Inaugural Lecture - Professor Dorian Fuller (Institute of Archaeology)
Tuesday 25 February 2013 - 6.30pm
Wilkins Gustave Tuck Lecture Theatre, 2nd Floor, South Junction, Wilkins Building, UCL, Gower Street, London, WC1E 6BT
Professor Dorian Fuller (Institute of Archaeology)
Dorian Q Fuller grew up in San Francisco, California, received a BA from Yale University in Anthropology and Biology, and a PhD from Cambridge. After his PhD on the origins of agriculture in South India, he began teaching archaeobotany at UCL in 2000. His archaeological fieldwork has included India, Sri Lanka, China, Thailand, Sudan, Ethiopia, Morocco, Turkey and Iraqi Kurdistan. He has authored more than 170 papers and is a founding editor of the journal Archaeological and Anthropological Sciences.
Growing Societies: the Archaeobotany of Food Production and Globalization of Agriculture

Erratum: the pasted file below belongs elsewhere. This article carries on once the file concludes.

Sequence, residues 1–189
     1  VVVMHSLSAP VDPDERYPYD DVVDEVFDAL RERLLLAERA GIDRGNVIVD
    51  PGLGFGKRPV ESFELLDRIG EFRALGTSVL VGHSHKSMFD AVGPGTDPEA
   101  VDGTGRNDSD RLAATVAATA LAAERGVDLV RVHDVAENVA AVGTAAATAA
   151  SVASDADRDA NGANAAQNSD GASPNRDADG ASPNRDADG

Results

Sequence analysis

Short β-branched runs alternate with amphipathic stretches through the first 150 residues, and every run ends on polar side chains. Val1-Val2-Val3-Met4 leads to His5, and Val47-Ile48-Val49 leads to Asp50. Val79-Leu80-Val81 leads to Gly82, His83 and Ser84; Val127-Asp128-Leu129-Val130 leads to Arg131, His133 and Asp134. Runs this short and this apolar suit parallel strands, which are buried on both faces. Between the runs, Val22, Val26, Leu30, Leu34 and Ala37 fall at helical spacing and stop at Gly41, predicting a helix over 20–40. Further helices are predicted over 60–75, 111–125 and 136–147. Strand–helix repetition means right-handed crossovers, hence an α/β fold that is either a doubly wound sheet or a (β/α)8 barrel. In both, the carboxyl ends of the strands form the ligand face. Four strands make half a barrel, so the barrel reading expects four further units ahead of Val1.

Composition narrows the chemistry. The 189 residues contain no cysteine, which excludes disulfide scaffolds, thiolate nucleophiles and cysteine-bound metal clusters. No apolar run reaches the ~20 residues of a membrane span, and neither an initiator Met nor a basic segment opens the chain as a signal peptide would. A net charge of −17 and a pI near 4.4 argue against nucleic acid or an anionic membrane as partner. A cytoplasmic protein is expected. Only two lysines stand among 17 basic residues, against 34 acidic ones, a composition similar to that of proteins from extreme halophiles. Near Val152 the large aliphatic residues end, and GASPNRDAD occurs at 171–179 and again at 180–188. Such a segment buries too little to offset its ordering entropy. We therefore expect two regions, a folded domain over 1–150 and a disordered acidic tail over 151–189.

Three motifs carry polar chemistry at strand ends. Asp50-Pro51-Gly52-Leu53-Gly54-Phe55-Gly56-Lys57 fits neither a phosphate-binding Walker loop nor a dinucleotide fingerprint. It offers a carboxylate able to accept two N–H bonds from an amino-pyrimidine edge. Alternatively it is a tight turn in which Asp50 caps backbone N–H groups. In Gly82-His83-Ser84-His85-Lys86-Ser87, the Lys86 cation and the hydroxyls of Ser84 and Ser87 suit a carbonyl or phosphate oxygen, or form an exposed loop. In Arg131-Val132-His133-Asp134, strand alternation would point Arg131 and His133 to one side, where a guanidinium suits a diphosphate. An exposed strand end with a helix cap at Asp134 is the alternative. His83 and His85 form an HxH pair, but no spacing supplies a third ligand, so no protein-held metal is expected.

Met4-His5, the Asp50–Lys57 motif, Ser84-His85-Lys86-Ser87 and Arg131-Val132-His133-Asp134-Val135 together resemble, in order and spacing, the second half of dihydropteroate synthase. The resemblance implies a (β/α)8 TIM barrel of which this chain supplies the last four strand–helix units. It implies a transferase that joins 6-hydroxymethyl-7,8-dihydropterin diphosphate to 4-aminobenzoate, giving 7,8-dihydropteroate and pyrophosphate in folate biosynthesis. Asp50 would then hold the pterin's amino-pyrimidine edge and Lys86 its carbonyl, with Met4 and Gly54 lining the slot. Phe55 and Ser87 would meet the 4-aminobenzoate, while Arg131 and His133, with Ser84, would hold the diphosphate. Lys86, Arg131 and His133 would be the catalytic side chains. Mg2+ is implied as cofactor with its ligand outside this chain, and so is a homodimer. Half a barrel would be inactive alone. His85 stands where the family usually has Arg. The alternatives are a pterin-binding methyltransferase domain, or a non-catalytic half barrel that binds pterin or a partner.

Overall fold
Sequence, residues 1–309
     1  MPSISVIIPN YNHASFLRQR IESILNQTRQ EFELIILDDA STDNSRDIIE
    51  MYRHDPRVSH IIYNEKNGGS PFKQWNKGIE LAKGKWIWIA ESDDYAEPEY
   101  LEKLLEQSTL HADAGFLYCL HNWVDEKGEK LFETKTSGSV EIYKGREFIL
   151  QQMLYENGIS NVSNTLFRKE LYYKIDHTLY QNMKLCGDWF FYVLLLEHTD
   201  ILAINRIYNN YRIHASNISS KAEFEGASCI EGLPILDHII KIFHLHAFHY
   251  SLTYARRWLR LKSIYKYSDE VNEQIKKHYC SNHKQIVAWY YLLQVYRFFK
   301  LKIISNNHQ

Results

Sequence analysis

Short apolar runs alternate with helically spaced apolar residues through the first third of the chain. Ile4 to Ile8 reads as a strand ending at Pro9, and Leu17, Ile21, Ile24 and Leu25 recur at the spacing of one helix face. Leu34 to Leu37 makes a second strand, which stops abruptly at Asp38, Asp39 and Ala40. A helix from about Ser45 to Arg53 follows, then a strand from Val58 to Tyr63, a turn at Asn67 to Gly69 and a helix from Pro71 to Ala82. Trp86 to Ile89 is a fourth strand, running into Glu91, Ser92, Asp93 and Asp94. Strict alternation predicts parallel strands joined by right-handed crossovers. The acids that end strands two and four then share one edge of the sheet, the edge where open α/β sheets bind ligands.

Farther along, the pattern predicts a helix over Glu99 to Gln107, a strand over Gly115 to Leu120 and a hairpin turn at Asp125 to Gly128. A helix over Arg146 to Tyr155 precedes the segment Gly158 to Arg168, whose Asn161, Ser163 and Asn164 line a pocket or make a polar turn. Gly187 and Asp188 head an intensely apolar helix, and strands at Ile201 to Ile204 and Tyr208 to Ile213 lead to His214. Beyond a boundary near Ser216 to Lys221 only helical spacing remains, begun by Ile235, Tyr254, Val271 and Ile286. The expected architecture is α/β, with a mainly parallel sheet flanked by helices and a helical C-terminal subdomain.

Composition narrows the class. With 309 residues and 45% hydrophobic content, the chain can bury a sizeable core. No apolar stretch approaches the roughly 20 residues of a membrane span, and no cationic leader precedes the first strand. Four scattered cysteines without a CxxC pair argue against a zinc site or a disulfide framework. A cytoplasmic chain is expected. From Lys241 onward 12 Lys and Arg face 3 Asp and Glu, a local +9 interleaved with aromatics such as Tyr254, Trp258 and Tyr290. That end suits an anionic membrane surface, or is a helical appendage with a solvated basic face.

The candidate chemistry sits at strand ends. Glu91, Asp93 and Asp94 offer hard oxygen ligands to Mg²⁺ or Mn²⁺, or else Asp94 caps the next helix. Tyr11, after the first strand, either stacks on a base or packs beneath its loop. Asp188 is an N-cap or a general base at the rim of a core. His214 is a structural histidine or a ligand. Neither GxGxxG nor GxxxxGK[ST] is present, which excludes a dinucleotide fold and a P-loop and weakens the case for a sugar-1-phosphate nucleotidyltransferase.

The origins of agriculture irrevocably changed the relationship of humans and the earth, literally transforming earth at local scales of cultivation, and over the long-term, promoting population growth and economic specialization globally.While archaeologists have long investigated this “Neolithic revolution”, the ways in which humans changed plants through domestication and reordered their use of the vegetative world has come to be appreciated more recently through advances in the archaeobotany, the study of archaeological plant remains. This lecture considers recent insights on the transition from wild plant gathering to farming, drawing on examples from India, Southwest Asia, China, and Africa.